| 6:48 pm on Feb 7, 2004 (gmt 0)|
| 7:29 pm on Feb 7, 2004 (gmt 0)|
simon03, welcome to ww.
Your PR is based on sites that link to you. Somebody using your same content/keywords may show up higher in SERPS but won't be the cause of your PR dropping. It dropped because incoming links have deteriorated in value or quantity.
| 9:03 pm on Feb 7, 2004 (gmt 0)|
Your PR won't be effected by this, but your pages could be being ignored as duplicate content. PR is just about links.
|The Subtle Knife|
| 2:18 pm on Mar 6, 2004 (gmt 0)|
I've never seen an sensible answer to duplicate content. If someone rips off your site, which I'm happens a lot.
If it's really obvious legal recourse is probably a good option, if not so obvious, I assume google will treat your page as the duplicate and de-rank you,
as the new pages are "newer"
| 2:39 pm on Mar 6, 2004 (gmt 0)|
Of course, what Google should do is ignore the newer copy altogether (unless there is a direct link to it from the original). However, life then gets rather more interesting because of the problem of how to identify which page is newer. Also what happens when the old page is updated - does it become newer?
It is a tricky problem but if Google keep records of the date/time when a page is first spidered, then a solution to this problem is possible.
It seems likely that Google keep such data, but if they do not, then the problem won't be fixed in the near future.
Of course, some people would say that it isn't Google's problem - they are simply providing information to searchers. However, by not addressing the problem, they are signalling that black-hat dirty tricks are ok.
| 2:49 pm on Mar 6, 2004 (gmt 0)|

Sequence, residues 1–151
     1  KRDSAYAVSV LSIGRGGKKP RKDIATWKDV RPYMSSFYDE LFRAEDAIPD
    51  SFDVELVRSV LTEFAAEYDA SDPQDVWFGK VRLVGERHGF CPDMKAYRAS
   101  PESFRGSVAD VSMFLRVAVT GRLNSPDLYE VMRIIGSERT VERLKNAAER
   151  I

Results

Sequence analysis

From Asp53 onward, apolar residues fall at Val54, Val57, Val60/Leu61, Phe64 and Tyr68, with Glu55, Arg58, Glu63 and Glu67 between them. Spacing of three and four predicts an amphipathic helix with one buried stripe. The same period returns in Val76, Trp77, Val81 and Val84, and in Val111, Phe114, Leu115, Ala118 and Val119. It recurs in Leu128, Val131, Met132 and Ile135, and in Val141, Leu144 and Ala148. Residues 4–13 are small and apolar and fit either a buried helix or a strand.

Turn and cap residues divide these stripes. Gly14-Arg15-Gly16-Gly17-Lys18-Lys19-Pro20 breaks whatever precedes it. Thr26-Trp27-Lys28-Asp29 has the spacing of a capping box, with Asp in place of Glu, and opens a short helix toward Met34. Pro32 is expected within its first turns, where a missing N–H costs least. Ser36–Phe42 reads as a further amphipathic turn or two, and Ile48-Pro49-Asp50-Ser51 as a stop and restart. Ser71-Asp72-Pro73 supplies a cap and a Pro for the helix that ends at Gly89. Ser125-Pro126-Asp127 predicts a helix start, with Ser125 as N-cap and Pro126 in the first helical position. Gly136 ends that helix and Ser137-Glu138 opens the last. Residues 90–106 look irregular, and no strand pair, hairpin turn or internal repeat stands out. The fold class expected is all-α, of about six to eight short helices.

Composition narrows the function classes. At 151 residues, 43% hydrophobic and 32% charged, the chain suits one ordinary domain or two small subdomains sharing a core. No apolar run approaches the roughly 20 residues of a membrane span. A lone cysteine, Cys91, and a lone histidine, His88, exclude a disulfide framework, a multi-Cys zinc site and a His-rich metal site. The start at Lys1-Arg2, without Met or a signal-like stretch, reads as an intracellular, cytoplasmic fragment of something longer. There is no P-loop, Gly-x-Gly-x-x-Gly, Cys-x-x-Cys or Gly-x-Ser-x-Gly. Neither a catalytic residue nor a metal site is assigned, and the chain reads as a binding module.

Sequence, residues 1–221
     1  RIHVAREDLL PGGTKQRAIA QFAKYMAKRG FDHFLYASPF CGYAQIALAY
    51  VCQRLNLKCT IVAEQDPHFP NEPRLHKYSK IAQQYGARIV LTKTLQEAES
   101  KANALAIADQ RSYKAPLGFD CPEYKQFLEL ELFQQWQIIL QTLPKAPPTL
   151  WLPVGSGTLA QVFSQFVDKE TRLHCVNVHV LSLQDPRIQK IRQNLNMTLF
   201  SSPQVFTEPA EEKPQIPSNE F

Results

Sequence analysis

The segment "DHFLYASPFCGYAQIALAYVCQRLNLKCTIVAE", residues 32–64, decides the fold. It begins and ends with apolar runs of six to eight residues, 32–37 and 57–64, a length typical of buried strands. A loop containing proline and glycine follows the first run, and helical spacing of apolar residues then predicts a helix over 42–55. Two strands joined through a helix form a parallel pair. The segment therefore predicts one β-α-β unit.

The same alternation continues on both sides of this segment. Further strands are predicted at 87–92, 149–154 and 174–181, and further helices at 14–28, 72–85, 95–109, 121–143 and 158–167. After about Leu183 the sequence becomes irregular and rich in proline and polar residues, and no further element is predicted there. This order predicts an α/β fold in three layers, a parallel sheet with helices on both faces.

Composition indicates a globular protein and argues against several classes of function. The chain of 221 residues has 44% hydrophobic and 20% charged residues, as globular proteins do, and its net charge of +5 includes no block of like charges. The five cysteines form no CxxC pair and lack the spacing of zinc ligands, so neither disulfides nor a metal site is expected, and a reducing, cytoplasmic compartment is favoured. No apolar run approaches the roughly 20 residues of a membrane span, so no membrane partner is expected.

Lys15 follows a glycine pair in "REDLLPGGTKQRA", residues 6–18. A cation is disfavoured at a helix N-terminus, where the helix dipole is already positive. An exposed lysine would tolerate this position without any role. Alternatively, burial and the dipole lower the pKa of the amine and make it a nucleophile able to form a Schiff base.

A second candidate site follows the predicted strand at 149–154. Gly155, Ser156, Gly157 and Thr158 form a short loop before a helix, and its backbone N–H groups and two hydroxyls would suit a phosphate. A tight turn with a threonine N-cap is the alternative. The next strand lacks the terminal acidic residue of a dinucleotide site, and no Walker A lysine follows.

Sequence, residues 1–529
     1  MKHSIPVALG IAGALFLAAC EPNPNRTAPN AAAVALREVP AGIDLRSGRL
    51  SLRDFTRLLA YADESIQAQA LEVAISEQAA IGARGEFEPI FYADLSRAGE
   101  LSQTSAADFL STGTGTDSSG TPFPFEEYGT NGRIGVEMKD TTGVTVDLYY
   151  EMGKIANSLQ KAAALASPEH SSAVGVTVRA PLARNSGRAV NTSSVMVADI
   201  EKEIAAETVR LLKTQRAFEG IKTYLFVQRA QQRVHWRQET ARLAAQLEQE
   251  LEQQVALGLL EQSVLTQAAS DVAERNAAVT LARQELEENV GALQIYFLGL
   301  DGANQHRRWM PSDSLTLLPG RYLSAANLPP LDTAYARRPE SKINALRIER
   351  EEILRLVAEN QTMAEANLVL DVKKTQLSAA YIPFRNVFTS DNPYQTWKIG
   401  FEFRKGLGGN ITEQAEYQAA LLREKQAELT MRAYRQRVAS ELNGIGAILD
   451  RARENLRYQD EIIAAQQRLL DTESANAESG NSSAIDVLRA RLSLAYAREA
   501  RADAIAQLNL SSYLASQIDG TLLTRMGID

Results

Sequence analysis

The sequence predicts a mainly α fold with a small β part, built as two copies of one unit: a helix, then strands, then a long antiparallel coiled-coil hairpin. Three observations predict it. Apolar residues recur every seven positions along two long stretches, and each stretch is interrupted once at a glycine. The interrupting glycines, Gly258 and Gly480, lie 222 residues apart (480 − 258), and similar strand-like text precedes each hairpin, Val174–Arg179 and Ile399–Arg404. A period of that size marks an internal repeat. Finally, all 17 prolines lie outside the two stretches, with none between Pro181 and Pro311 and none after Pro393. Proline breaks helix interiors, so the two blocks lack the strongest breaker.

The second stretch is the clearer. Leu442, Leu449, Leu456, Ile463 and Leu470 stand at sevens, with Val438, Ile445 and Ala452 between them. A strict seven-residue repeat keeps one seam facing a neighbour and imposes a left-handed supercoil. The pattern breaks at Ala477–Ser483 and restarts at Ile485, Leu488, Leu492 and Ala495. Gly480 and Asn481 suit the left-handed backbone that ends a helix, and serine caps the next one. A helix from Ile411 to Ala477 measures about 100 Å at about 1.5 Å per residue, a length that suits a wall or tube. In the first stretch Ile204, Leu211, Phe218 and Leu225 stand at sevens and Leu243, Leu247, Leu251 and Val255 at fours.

Google is poor at spotting dupes. I can't understand your complaint. You're at No 1, and he/she is at No 2 with same content - clearly no dupe penalty here!
You have automatic copyright over your content - email them and threaten them with legal action. Download / make a copy of the page, and if it is a clear cut case of copyright theft you have a strong case. It's just the dupe element I don't understand.
| 5:14 am on Mar 7, 2004 (gmt 0)|
SyntheticUpper, I can empathize with the complaint. The same thing has been happening here with a local pest who thinks (correctly) he's above the law. Anytime a business in our industry gains a good market image he 1) copies their website and 2) Registers a domain in the same name as their's with the .net or .org suffix.
The purpose is to always show up high in a search for that business name, to confuse the customer and then to purport to offer a massive discount. The objective is to bait and switch anybody who inquires. It also devalues what are emerging quality brands.
In Western countries you have good legal systems to protect against this at the source; others of us are not as fortunate. Having found local legal enforcement completely useless, I'm looking for some way to get this under US jurisdiction. For that to be effective the SEs would have to be involved as the guy here would just ignore a US judgement in the same way he does a local one.